11/29/2010 12:02 pm ET Updated May 25, 2011

Out of the Rain, Into the Cathedral

It was a wet cold November 22, 2009, with crystalizing winds spittling freezing breezes across the Hudson, numbing the hundreds of people gathered on the Christopher Street Pier for a candlelit vigil to commemorate the life and the death of Jorge Steven López Mercado.

Jorge Steven was viciously murdered on November 12th, and his dismembered, charred, women's clad body parts interred only across an isolated rural road. There was immediate media attention on who this poor Puerto Rican woman was, and who would do something so profane. When forensic examination determined hours later that the discarded remains actually belonged to a young male, the media dropped the story completely, without a single mention of the brutal murder in either of the following day's leading papers, La Primera Hora or El Nuevo Dia.

Young Puerto Rican photo-journalist Christopher Pagan, who lived near the crime scene and had followed the story, was incensed, outraged -- at the murder and the media both -- and wrote his now seminal CNN iReport drawing international attention to both Jorge Steven's heinous murder, and the socio-cultural conditions of Puerto Rico which would literally bury as shamed, stigmatized, and hidden this child's death -- and very life. Christopher's compelling report made its way to the Lesbian, Gay, Bisexual, Transgender, Queer (LGBTQ) community of New York which sprung into action to organize a Vigil of outrage and commemoration.

On the evening of November 21st, 2009, our little band of organizers assembled under the direction of Karlo Karlo and Oscar Rául López to create a Vigil for Jorge Steven designed to correspond with a CNN interview of Puerto Rico's Pedro Julio Serrano slated for the following evening. As we juggled the thousand pieces of minutiae of which such events are composed, we heard that vigils all over the country were springing up. Ronnie Kroell and I worked on the logistics of the programmatic pieces, assembling artists, not-for-profit organization leaders, and NYC politicians, with New York City Council Speaker Christine Quinn leading the charge. Scott Anthony (Ferrin Scott) helped us batten down escalating viral infighting between LGBTQ factions with competing agendas. Without finding common voice and vision we knew Jorge Steven's Vigil would be subsumed by news clips of LGBTQ intra-community conflict at the Vigil providing stereotypical fodder for the evening news, Our challenge, the five of us, essentially, was to unify an angry LGBTQ community into solidarity in order to honor Jorge Steven... and to do this all in twenty hours.

Every impossible task which must nevertheless be done needs an angel, and ours came in the phone call of Celiany "Chela" Rivera Valásquez who offered her videography team from the LGBT Student Services at NYU to provide private spaces in which vigil attendees could send messages of of anger, pain, sadness and outrage before the vigil proper started. It was imperative to provide a safe venue for the expression of rage before we could hope to come around to the healing for which we strove. Gifted instrumentalists donated their talents to accompany this filming time, and 2 hour lead-time, I arranged the delivery of coffee and donuts for the vigil attendees. I hadn't fixed upon a tea party: this was political strategy: I wanted to create an ambiance of mothering, of protecting, of healing and of unifying that would take a splintered raging crowd that could otherwise view the vigil through a "lens of separation," a paradigm I set out in a July 4th blog, rather than a "lens of integration." I also realized that it is difficult to spew Hate Speech with a mouthful of donuts or engage in physical argument while holding hot coffee in one's hand.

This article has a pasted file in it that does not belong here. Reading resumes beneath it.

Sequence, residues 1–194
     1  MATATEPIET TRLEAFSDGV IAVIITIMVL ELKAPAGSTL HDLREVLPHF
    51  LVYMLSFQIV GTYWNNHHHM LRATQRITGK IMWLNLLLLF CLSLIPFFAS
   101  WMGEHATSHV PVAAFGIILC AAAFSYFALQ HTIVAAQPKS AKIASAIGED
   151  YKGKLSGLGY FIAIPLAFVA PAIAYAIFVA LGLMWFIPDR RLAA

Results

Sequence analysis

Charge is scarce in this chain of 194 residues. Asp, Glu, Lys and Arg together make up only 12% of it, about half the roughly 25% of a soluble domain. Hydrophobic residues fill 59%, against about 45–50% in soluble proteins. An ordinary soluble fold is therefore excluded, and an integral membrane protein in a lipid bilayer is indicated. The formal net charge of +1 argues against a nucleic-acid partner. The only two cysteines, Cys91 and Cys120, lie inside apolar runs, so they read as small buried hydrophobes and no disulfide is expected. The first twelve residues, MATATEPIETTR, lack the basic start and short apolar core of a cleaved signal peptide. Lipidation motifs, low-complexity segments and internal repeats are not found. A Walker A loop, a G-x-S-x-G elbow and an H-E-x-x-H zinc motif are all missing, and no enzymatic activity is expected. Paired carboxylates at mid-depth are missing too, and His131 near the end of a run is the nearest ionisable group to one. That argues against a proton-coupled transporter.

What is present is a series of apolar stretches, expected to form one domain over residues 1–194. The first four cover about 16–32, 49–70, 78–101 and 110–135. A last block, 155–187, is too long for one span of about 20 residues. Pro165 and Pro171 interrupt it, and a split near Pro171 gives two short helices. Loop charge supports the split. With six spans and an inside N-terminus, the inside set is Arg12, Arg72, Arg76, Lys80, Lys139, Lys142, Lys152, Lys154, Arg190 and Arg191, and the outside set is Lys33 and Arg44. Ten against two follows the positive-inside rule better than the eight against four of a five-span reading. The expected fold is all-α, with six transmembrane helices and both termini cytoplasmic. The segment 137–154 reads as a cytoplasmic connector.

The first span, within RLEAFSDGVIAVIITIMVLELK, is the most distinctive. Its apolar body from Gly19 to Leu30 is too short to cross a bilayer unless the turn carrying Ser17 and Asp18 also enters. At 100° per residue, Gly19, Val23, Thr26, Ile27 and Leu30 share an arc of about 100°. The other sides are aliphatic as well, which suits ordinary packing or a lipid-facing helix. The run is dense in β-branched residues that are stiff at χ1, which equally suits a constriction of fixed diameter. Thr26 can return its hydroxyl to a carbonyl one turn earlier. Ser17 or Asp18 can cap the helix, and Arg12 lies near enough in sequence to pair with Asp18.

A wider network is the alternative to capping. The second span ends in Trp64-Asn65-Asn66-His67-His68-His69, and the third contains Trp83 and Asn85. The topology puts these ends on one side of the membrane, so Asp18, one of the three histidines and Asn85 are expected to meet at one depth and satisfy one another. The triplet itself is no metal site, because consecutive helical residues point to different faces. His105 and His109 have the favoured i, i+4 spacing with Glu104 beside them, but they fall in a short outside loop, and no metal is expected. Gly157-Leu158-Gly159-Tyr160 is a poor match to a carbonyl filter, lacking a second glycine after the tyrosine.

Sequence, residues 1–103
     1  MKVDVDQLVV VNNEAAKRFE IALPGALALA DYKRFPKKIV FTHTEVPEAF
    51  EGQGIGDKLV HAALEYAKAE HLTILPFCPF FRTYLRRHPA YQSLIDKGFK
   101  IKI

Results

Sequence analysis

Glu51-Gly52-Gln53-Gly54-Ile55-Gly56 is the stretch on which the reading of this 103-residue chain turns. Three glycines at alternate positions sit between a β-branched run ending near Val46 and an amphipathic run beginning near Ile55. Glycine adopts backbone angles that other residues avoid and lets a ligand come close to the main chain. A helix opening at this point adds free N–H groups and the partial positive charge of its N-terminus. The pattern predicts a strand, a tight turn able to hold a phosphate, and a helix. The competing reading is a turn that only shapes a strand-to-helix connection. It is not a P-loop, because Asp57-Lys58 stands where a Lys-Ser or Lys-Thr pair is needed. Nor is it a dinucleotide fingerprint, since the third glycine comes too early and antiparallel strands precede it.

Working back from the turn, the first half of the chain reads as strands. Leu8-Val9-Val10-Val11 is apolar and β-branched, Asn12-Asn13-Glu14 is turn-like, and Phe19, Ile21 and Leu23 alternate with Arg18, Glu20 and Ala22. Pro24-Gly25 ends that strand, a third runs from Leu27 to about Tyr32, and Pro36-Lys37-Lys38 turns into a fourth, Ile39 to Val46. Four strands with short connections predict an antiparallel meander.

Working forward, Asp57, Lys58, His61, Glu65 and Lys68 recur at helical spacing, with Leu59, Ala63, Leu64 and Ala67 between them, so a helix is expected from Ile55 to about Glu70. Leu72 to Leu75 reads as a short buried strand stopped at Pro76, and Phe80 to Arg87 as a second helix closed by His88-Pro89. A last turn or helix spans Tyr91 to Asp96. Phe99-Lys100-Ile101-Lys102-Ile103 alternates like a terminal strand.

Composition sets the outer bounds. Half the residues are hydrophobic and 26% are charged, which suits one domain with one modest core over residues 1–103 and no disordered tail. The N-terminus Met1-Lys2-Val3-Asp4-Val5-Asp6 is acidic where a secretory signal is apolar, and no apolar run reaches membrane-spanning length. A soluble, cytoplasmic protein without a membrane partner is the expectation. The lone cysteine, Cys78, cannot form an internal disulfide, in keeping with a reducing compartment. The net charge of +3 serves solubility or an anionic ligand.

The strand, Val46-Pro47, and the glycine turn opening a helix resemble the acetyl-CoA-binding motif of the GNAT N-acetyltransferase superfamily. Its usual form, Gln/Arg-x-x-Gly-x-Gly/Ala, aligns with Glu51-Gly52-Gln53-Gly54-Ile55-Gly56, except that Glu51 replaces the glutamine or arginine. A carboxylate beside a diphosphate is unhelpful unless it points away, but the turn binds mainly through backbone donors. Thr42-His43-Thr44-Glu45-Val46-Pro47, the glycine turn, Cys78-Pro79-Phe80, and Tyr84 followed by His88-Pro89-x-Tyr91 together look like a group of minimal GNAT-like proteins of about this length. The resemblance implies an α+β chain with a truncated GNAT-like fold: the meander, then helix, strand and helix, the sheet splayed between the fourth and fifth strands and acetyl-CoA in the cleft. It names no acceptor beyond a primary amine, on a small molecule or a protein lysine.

Jorge Steven López Mercado's Vigil was beautiful, at once protesting and peaceful, shouting and silent, outraged and uplifting. Jorge Steven's life and dealth were to become the cornerstone of GeekNerdWonk Charitable Foundation's Campaign of "Hate Crime is Human Crime" -- to continue our fighting for the legacy for Jorge Steven. A benefit for Jorge Steven was held on January 12th, 2010, and an official delegation of New York State and Illinois officials led by New York City Council Speaker Christine Quinn went to Puerto Rico to draw attention to this Hate Crime, for, without question, it was for cases such as these that the federal protections of the Hate Crime Bill were intended. Though never charged as a Hate Crime, Speaker Quinn's and her colleagues' efforts secured that the confessed murder of Jorge Steven López Mercado was jailed for life.

Fall winds then gave way to the snowy winter slush of soggy red maple leaves, and as 2009 turned to 2010, Hate crimes escalated, in fact, Hate crimes increased following the passage of the Hate Crime Bill, according to The New York City Anti-Violence Hate Crime 2009 report. One could deduce that the escalation in hate crime was attributable in part to the busloads of Fred Phelps' and Glenn Beck's lemmings, who evidently bored with bowling, decided that carrying "God Hates Fags" signs was going to be their raison dé être.

But 2010 was also the year of Vaughn Walker's historic August Prop 8 decision which is now wending its way to the 9th circuit on unimpeachable constitutional, procedural, and factual grounds. And in 2010, Don't Ask Don't Tell, most poignantly captured in Ned Farr and Dreya Weber's Award-winning A Marine Story, placed DADT unavoidably front and center for the US Military.